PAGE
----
Why Do Different Instruments Show Different Numbers and Which One to Trust?

Often, the first encounter with radiation involves buying a simple Geiger counter. Later, a more advanced scintillation dosimeter or spectrometer might be purchased. At this stage, you may notice discrepancies in the readings of the two devices. Finding a logical answer to why the devices show different values can be challenging. We have prepared a detailed explanation of why this happens and how to avoid it.

1. Differences in Measuring Natural Radiation Background

Geiger counters cannot differentiate the energy of gamma radiation, which varies among different radiation sources. Therefore, manufacturers calibrate them to display readings based on a single radiation source, usually the radioactive isotope cesium-137. Other sources show distorted readings.

Graph: Distortion of Geiger counter readings at different energy levels.

The natural radiation background significantly differs from cesium-137 in energy. A Geiger counter, unable to distinguish cesium-137 from the overall background, shows distorted values. Scintillation dosimeters measure dose rate considering the energy of gamma radiation, a parameter not accessible to Geiger counters. The lower the gamma radiation energy, the lower the harm and the readings. Thus, for background measurements, scintillation dosimeters show lower values than Geiger counters.

2. Intrinsic Background of Geiger Counters

All Geiger counters have their intrinsic background due to the spontaneous emission of electrons from the counter’s cathode, creating measurement errors. Usually, this intrinsic background is around 0.04 µSv/h. These parameters are easily found on the manufacturers’ pages of Geiger counters. The problem is that manufacturers often do not subtract the intrinsic background when displaying readings, thereby adding about 0.04 µSv/h to all measurements. People used to such readings are surprised by the low values of scintillation dosimeters.

3. Geiger Counter Displays Dose Rate Correctly Only in the Absence of Beta Radiation

If beta radiation enters the Geiger counter and the readings are displayed in sieverts, the readings are distorted and do not reflect reality. The interaction efficiency between the Geiger counter and beta radiation is high, but the actual harm is extremely low. The readings are distorted to the point of being unable to assess the real harm. Measuring beta radiation with a Geiger counter requires a special measurement mode that applies corrections for beta radiation characteristics and subtracts gamma radiation from the result. Comparing the readings of a scintillation dosimeter and a Geiger counter is only valid when beta radiation is excluded.

4. Different Distances to the Sensor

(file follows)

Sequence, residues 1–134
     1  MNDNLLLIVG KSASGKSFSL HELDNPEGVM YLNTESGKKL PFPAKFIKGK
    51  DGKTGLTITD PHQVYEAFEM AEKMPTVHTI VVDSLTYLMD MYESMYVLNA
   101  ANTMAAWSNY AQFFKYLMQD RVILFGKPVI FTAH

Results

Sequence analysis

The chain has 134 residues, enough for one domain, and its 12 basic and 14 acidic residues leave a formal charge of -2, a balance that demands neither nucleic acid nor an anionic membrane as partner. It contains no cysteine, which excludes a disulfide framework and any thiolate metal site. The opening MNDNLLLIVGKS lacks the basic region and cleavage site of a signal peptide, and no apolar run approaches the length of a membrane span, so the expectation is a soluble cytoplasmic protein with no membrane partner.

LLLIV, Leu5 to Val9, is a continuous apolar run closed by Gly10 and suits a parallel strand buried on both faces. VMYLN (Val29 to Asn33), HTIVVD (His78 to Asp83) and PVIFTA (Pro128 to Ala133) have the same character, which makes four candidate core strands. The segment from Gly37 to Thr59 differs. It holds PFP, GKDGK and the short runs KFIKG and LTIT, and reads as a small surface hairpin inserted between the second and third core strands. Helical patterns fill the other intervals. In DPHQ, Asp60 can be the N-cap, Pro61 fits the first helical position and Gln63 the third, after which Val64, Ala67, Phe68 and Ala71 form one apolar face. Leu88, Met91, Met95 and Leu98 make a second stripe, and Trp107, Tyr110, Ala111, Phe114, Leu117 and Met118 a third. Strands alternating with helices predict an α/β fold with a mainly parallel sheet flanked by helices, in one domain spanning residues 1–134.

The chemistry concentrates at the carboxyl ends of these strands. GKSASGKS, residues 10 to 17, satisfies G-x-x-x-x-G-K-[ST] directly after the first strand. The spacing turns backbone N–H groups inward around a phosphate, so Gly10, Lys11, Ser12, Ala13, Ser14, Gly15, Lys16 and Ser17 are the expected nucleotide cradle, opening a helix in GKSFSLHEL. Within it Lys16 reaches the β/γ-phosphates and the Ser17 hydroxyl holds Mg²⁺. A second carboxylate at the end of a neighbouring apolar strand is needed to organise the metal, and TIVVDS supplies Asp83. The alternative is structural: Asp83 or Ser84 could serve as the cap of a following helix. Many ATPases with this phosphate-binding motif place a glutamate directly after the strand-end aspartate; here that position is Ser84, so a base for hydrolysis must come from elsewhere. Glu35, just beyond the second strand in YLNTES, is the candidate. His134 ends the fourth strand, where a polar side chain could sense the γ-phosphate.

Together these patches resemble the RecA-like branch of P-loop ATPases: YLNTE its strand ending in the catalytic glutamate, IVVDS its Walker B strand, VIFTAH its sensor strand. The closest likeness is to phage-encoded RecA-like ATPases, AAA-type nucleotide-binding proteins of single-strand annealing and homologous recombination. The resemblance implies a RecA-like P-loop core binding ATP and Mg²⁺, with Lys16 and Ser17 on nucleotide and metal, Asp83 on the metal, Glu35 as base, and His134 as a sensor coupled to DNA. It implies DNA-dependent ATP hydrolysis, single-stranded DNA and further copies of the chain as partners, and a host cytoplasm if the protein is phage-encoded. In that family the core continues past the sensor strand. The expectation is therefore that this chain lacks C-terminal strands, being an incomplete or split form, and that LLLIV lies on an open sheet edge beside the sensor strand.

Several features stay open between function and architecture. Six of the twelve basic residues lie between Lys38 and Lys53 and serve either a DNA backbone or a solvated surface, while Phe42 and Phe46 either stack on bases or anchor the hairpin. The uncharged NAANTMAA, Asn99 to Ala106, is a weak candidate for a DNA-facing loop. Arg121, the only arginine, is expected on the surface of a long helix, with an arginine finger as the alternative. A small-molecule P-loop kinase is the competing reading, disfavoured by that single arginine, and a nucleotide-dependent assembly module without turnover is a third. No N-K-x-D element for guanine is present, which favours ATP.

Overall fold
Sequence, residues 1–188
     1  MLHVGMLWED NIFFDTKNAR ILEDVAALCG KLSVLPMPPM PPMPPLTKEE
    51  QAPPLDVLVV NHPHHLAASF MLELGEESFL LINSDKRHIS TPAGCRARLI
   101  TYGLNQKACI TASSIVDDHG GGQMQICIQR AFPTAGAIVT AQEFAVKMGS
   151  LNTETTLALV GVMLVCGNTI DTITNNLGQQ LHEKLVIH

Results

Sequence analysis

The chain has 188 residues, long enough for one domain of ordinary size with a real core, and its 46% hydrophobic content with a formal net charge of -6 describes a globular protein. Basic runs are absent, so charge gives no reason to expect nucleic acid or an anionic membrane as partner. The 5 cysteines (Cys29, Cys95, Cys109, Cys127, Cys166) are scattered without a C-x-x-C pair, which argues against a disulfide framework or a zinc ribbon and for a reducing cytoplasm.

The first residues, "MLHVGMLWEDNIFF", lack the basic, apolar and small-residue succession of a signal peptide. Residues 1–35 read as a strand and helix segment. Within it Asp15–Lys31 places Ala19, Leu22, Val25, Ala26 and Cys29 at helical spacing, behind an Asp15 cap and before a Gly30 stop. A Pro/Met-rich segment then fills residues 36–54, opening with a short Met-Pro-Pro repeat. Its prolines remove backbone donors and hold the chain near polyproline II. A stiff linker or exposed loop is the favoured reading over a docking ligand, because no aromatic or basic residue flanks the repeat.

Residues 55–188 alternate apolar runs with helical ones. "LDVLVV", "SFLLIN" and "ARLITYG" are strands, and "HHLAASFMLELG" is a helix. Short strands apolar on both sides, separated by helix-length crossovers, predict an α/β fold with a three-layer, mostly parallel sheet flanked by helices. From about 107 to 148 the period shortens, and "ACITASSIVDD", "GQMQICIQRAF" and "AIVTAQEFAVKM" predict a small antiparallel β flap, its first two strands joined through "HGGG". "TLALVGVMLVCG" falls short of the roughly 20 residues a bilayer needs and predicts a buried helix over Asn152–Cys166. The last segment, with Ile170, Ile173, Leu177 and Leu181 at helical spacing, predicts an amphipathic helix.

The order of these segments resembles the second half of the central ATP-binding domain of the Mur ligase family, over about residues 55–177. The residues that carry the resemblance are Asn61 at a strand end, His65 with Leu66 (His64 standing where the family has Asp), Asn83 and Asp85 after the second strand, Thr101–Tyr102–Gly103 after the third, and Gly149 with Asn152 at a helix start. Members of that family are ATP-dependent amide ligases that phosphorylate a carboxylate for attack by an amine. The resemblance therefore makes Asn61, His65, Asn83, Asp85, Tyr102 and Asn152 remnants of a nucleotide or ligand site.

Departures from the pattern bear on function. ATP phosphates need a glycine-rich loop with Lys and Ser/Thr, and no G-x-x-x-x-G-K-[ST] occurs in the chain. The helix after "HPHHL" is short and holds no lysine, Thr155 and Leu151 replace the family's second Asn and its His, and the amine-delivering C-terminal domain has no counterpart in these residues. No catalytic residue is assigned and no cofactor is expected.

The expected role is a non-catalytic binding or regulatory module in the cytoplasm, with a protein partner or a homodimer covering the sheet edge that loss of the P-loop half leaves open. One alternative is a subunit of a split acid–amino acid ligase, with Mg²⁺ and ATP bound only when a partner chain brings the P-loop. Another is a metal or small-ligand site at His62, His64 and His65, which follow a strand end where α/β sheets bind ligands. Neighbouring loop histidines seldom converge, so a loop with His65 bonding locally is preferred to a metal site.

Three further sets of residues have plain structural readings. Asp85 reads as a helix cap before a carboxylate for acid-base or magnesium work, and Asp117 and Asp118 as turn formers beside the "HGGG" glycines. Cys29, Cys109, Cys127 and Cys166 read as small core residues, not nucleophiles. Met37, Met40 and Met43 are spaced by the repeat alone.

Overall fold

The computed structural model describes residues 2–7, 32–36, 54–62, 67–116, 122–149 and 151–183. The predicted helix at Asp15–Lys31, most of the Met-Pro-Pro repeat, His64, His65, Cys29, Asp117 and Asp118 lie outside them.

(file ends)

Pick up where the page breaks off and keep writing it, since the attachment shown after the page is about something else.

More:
Measuring a radiation source close to the device is considered bad practice among professionals. At zero distance, the source gives very high numbers, relevant only for local exposure. It is incorrect to equate these numbers to the overall dose.

Radiation from a point source spreads according to the inverse square law. The closer the distance to the source, the higher the background. A 1 mm shift at a close distance can cause a tenfold change in readings.


Two identical devices can show completely different readings when measured up close if one is a millimeter further from the source.


When measuring with the source close to the body, the device with the detector closer to the source will always show higher numbers. Therefore, comparing devices should be done at the same distance from the sensors, not from the body.

Since the distance to the sensor is not always known, measurements are taken at a small distance, such as 5 centimeters. At this distance, millimeter differences are not critical, and the data can be compared.

5. Non-uniform Radiation Field

In metrology, there is a rule: the radiation field during measurement must be uniform, ensuring that the radiation level in all parts of the detector is the same. Otherwise, the readings will be distorted, and they cannot be compared with another device. To eliminate field non-uniformity, you need to know the size of your detector and conduct measurements no closer than the size of your detector.

6. How to Get Accurate Data from the Source If You Can’t Measure Up Close?

It is enough to know the distance from the source. Radiation spreads according to the inverse square law. If we know the readings and the distance of one measurement, we can calculate the readings at any distance from the source. It’s easiest to use an online calculator, which will calculate the readings for any distance for you.

Inverse Square Law Calculator.

By understanding these factors, you can make more accurate and reliable radiation measurements, and choose the right instrument for your needs.

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